Donald Knuth

January 10, 1938

Brief Biography

Born in Milwaukee, Wisconsin, Donald Knuth is one of the most influential computer scientists of the 20th century and is often known as the father of the analysis of algorithms. He completed his undergraduate studies at Case Institute of Technology. Knuth was exceptionally lucky given that Case was one of the few universities in the United States at the time that allowed for students to work hands on with their computer, an IBM 650. He received his BS in 1960 and went on to earn his PhD in mathematics from the California Institute of Technology in 1963. After graduating, Knuth worked at the Institute for Defense Analysis in Princeton prior to starting work at Stanford University in 1968. He continued to have a presence with IDA throughout the Cold War.

Over the course of his career Knuth has been a major figure in advancing computer software and programming languages. In addition to his work in theoretical computer science he has designed numerous computing interfaces and early typefaces. Though his life’s work has been primarily in computer science and software development, Knuth’s influence on Operation Research stems from some of his earliest endeavors.

While a graduate student at Cal Tech, Knuth was a consultant to the Burroughs Corporation. At the time he was there, Burroughs was in the midst of developing their B 5000 large system. As a consultant, Knuth was able to communicate closely with the different engineering teams and product design departments.  He learned that the machine was experiencing timing issues with its software and that the development staff believed that simulation could help solve that. 

Building on his familiarity with random number generation and his familiarity with the work of Stanislaw Ulam and John von Neumann, Knuth and his partner, John McNeely, developed their Simulation Oriented Language (SOL), an early approach to discrete event simulation, as an extension of Algorithmic Language (ALGOL). Since SOL was designed from the bottom-up, they were able to make it as efficient as possible.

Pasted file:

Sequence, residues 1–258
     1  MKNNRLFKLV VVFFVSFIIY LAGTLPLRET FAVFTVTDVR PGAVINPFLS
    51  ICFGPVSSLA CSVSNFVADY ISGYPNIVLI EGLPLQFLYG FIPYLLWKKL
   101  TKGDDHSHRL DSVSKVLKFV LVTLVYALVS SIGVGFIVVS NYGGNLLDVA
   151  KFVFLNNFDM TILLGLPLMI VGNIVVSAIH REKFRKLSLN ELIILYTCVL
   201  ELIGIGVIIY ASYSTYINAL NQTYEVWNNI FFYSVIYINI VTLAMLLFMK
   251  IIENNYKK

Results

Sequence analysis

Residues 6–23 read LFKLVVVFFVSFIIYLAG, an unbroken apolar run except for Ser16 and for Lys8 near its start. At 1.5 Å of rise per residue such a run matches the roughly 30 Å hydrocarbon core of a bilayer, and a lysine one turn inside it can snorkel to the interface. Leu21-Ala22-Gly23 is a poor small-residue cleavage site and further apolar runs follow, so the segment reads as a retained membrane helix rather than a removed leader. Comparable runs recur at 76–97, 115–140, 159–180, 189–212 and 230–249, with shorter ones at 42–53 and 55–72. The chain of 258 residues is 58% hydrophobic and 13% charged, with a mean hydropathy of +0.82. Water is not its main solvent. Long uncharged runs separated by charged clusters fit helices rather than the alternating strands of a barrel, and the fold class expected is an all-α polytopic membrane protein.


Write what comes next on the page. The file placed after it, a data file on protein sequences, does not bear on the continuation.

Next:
His book, The Art of Computer Programming(the first volume, “Fundamental Algorithms”, was published in 1968) has been a major influence in the realm of computer science. Beyond its content, the book itself serves as a tool for organizing the entire discipline. Volumes 2 and 3 are especially interesting to the operations research community as they explore topics of computer simulation and random number generators. One major point in the second volume that has had a certain influence in the OR community is the somewhat paradoxical necessity for an ordered structure in systems of random numbers. Knuth’s work with Burroughs and SOL led him to the conclusion that, “random numbers should not be generated with a method chosen at random.” As yet unpublished sections of Volume 4, notably chapter 7, cover central methods in operations research such as the assignment problem, network flows, dynamic programming and branch and bound.

Though he is now retired from Stanford University, Knuth remains very active, continuing to work on the next volume of his book and keeping a close eye on the evolution of computer science.  

Other Biographies

Wikipedia Entry for Donald Knuth

Alan M. Turing Award. Award Winners: Donald ("Don") Ervin Knuth. Accessed December 19, 2014. (link)

Computer History Museum. Donald Knuth, 1998 Fellow. Accessed July 2, 2018. (link

The MacTutor History of Mathematics Archive. Donald E. Knuth Biography. Accessed December 19, 2014. (link

Roberts, S (2018) The Yoda of Silicon Valley.  New York Times, December 18, 2018. Accessed December 20, 2019 (link)


Case Institute of Technology, B.S 1960

California Institute of Technology, PhD 1963 (Mathematical Genealogy


Academic Affiliations
Non-Academic Affiliations

Key Interests in OR/MS

Application Areas

Oral Histories

Donald Knuth (2013) Interview by Richard E. Nance. February 6. Stanford, California. NCSU Libraries Computer Simulation Archive: Raleigh, NC. (video)

Donald Knuth (2001) Interview by Philip L. Frana. November 8. Stanford, California. The Charles Babbage Institute, University of Minnesota. (link)

Donald Knuth (2008) Interview by Andrew Binstock. April 5. InformIT, Pearson Education. (transcript)

Donald Knuth (2007) Interview by Gianluca Pignalberi. A prime number of questions for the Professor Emeritus of the Art of Computer Programming. Free Software Magazine. (transcript)

Memoirs and Autobiographies


Curriculum Vitae


Web of Stories Video Autobiography (97 Parts) 


Donald E. Knuth Papers, Special Collections & University Archives, Stanford University Libraries. (link)

Awards and Honors

A.M Turing Award 1974

National Medal of Science 1979

Harvey Prize 1995

John von Neumann Medal 1995

Faraday Medal 2011

Selected Publications

Knuth D. E. (1964). SOL - A Symbolic Language for General Purpose System Simulation. in IEEE Trans Elec Comp, EC-13(4):401-408 

Knuth D. E. (1968). The Art of Computer Programming, Volume 1: Fundamental Algorithms. Boston: Addison-Wesley.

Knuth D. E. (1969). The Art of Computer Programming, Volume 2: Seminumerical Algorithms. Boston: Addison-Wesley.

Knuth D. E. (1971). Mathematical analysis of algorithms (No. STAN-CS-71-206). STANFORD UNIV CALIF DEPT OF COMPUTER SCIENCE.

Knuth D. E. (1973). The Art of Computer Programming, Volume 3: Sorting and Searching. Boston: Addison-Wesley

Knuth D. E. (1993). The Stanford GraphBase: a platform for combinatorial computing. Reading: Addison-Wesley.

Knuth D. E. (2011). The Art of Computer Programming, Volume 4A: Combinatorial Algorithms, Part 1. Boston: Pearson Education.

Additional Resources

Stanford University Department of Computer Science. Donald Knuth: Recent News. Accessed June 7, 2015. (link)